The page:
LearnDropSend acquisition talks fall through with YouSendIt

Ryan
writes on December 14, 2006

Here’s the latest on the DropSend sale

YouSendIt, one of the big buyers, has dropped out. Here’s the whole story.

It started at Web 2.0

I received an email from Khalid Shaikh, one of the founders of YouSendIt, asking if we could meet up at Web 2.0 and chat about DropSend.

I obviously got excited as YouSendIt seemed like a great fit for DropSend. It would help strengthen their offering while also making a powerful statement to the industry that they’re serious about dominating the large file sending industry.

I sat down with Khalid in the hallway at the conference and we had a nice chat. I broke out my laptop and showed him some of the stats from the backend of DropSend. He was impressed and it was looking pretty positive. (By the way, there’s a great lesson here: potential buyers love quality stats. The fact that we had very detailed reports and graphs on DropSend impressed Khalid quite a bit.)
I figured I’d cut to the chase so I asked “Do you want to know how much we’re looking for? We might as well get it out into the open!”. He smiled and said “Sounds good. Hit me.” (or something like that). I said “In the range of $1M US. What do you think?” He was said he was relieved as he expected me to say something crazy like $5M – $15M.

We chatted for a little while longer and he said he’d make a presentation to the board and get back to me. He didn’t promise me anything but said he liked DropSend and he’d let me know what they said.

Waiting …

And then the waiting began. Khalid emailed some facts to the board, including Ivan Koon, the CEO of YouSendIt. I asked if I could blog about our conversation and Khalid said the board wasn’t comfortable with it (Damn!). I had a couple quick chats in the hallways of the conference with Mike Arrington (TechCrunch) about the possible sale and I said I’d let him know first if they make a solid move.

Well, that didn’t happen right away. Khalid said that if they board was interested, they’d let me know and I could head out to their office in Mountain View for a quick meeting before I got on the plan back to London.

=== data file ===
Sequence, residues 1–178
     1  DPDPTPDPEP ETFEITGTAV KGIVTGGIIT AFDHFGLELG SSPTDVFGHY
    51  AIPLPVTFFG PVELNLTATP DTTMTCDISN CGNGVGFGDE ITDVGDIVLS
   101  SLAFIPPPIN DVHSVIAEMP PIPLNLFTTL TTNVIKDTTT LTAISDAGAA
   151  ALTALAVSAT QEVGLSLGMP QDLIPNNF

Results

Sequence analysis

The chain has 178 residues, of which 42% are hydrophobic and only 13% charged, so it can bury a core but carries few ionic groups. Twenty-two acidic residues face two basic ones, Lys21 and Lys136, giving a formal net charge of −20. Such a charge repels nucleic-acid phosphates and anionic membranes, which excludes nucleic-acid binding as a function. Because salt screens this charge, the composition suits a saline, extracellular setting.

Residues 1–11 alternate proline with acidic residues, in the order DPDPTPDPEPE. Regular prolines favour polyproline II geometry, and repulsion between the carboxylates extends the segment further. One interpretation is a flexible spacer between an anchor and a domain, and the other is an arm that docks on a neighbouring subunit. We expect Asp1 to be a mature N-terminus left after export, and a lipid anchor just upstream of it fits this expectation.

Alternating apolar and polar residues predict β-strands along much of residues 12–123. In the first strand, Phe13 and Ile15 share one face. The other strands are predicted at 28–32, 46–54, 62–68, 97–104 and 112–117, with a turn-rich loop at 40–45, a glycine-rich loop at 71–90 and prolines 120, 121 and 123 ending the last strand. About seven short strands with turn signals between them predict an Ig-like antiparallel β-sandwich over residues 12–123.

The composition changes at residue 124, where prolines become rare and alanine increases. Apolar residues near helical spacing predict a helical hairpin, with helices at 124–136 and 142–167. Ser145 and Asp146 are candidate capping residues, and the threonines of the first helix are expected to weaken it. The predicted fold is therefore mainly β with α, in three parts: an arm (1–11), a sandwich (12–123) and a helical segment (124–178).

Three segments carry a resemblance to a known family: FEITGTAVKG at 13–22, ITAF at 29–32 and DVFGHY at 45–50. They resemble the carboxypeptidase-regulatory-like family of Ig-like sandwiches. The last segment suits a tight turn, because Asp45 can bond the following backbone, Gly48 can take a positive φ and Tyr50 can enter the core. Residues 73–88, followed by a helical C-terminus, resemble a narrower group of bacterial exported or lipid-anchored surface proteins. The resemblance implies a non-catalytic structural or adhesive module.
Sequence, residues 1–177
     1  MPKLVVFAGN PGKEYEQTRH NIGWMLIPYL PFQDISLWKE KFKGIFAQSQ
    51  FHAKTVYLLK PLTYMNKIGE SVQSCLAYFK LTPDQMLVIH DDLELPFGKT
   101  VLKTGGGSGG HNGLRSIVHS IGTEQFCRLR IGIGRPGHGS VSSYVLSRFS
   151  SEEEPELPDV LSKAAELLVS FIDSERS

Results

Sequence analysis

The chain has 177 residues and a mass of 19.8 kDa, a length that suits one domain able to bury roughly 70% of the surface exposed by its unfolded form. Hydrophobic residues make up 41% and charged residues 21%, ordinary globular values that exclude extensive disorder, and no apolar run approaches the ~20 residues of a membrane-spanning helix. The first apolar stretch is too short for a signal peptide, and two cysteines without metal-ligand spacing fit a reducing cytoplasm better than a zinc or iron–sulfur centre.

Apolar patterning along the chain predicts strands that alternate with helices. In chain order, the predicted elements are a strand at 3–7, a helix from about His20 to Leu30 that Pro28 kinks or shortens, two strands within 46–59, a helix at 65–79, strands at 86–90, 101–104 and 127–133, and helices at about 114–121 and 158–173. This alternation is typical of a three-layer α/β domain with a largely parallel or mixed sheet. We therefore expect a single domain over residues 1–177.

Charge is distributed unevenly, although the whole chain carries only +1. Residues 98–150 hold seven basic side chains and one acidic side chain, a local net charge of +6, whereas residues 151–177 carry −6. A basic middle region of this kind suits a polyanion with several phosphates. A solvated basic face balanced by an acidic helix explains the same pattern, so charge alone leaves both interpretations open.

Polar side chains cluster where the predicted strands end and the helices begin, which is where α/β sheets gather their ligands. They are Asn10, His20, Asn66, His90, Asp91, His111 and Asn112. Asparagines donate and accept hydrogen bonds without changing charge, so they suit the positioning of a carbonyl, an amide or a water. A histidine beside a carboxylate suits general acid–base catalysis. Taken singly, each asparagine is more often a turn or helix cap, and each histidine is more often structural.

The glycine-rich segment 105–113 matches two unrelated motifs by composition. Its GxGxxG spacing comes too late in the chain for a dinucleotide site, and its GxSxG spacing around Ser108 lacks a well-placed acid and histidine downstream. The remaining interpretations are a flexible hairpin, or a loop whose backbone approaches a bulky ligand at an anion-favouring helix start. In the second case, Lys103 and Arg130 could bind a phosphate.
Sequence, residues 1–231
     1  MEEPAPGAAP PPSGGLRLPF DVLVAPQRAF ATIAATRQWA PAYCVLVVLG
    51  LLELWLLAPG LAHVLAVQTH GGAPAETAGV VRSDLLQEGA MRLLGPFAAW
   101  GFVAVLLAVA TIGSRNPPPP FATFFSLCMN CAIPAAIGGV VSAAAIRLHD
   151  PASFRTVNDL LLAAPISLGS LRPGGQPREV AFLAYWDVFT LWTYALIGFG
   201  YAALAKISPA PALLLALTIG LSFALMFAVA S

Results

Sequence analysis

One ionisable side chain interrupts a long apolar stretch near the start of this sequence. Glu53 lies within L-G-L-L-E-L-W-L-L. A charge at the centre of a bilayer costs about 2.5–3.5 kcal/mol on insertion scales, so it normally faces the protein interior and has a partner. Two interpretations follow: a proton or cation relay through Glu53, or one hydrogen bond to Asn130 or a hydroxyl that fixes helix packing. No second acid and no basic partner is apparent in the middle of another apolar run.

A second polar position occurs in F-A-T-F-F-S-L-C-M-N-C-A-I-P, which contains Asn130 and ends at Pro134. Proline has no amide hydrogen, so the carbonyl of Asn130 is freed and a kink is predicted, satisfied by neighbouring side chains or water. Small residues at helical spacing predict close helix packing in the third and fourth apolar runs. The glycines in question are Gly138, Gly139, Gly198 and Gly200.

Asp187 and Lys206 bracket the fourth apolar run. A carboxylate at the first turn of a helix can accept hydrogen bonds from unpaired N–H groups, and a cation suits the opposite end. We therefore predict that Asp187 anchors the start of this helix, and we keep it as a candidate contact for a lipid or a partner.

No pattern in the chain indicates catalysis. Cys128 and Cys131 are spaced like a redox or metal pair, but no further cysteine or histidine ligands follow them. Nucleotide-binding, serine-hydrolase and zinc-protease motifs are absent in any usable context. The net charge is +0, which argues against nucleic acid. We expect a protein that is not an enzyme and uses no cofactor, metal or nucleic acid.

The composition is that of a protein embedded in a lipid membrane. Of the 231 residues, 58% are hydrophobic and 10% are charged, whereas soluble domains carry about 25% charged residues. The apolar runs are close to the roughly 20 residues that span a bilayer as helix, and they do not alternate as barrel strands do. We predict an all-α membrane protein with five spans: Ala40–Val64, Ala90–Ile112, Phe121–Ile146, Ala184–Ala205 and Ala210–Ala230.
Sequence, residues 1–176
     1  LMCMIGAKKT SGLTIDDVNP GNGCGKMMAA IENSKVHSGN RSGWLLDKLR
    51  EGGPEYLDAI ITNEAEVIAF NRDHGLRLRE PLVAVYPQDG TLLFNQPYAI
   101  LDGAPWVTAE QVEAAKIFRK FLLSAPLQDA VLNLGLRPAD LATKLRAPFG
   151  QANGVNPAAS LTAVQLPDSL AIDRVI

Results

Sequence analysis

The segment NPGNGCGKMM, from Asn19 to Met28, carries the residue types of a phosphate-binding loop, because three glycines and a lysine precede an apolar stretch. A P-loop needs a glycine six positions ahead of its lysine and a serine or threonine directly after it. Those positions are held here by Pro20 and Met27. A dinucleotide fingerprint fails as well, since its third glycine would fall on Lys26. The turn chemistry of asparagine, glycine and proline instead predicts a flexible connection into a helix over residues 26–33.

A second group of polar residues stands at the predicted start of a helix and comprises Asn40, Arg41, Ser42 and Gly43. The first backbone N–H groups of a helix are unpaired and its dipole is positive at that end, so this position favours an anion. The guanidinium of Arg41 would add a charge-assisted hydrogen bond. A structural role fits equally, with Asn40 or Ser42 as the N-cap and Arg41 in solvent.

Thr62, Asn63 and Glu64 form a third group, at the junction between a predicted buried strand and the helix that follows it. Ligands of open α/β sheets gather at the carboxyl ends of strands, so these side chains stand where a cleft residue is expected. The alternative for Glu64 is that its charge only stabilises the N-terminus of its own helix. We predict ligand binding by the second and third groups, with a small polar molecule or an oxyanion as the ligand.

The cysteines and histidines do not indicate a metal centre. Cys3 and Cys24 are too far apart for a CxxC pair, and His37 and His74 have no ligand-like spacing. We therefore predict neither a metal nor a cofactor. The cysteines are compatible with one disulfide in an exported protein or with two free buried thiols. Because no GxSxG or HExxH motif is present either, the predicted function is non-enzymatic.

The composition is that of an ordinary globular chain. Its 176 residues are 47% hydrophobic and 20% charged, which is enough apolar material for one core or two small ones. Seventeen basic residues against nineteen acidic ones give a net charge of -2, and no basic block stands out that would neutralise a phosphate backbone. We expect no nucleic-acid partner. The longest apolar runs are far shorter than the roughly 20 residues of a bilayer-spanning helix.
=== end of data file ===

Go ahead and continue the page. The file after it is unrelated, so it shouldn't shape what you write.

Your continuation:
For whatever reason (Khalid didn’t tell me), that meeting didn’t happen. I think things were busy over at their office and they just didn’t have enough time to prepare for the meeting.

Khalid said he’d be in touch and let me know what happened.

Phone meetings

Once I got back to the UK, I received an email from the personal assistant of Ivan Koon, the CEO of YouSendIt, requesting to setup a phone call. Of course I got excited about it and we set up the meeting.

Ivan and I had an interesting chat. He’s a very smart man (ex-Adobe) and I respect him very much. He basically said that he didn’t need DropSend’s technology. Their system is very impressive and the number of paying customers that DropSend would be offering just wasn’t big enough to warrant an acquisition. At that point, my heart sank.
However … they were very interested in our access to the creative market. DropSend has made large in-roads to the design and moving image industry. We have a ton of clients on the Business Plan that are designers, motion artists and creative professionals.

Obviously YouSendIt wants to dominate this market as these are the folks that are willing to pay for sending large files. If you are creating large PDFs, JPGs, QuickTimes, etc, then it’s worth your money to pay for a reliable system to deliver these to your clients.

Acquiring DropSend as a marketing move

So what it came down to is that they were interested in buying DropSend as a statement to the creative industry that they are the market leaders.

And this is where the talks started to break down. They just couldn’t justify spending $1M on a marketing move. It’s just too much. If they needed the technology and the paid customers, it would’ve been a different story.

The final phone call

We setup one final phone meeting with myself and about five of the YouSendIt folks. It was pretty intimidating, actually. Thankfully everyone on their side was super friendly and easy to talk to.

At the end of the conversation, we all basically agreed that the only reason they would acquire us was to make a strong marketing statement – and that’s just not worth $1M.

What’s next?

Well, we’re still in talks with two large buyers and we’ll see what happens. I’m still hopeful that we’ll sell it, but even if we don’t we’ve got two great things going for us:

  1. We’ve learned a ton about how to sell a web app / business. It’s been fascinating, scary and exciting.
  2. DropSend is still profitable (and continues to increase in revenue)!

We’ll keep you updated.

32 Responses to “DropSend acquisition talks fall through with YouSendIt”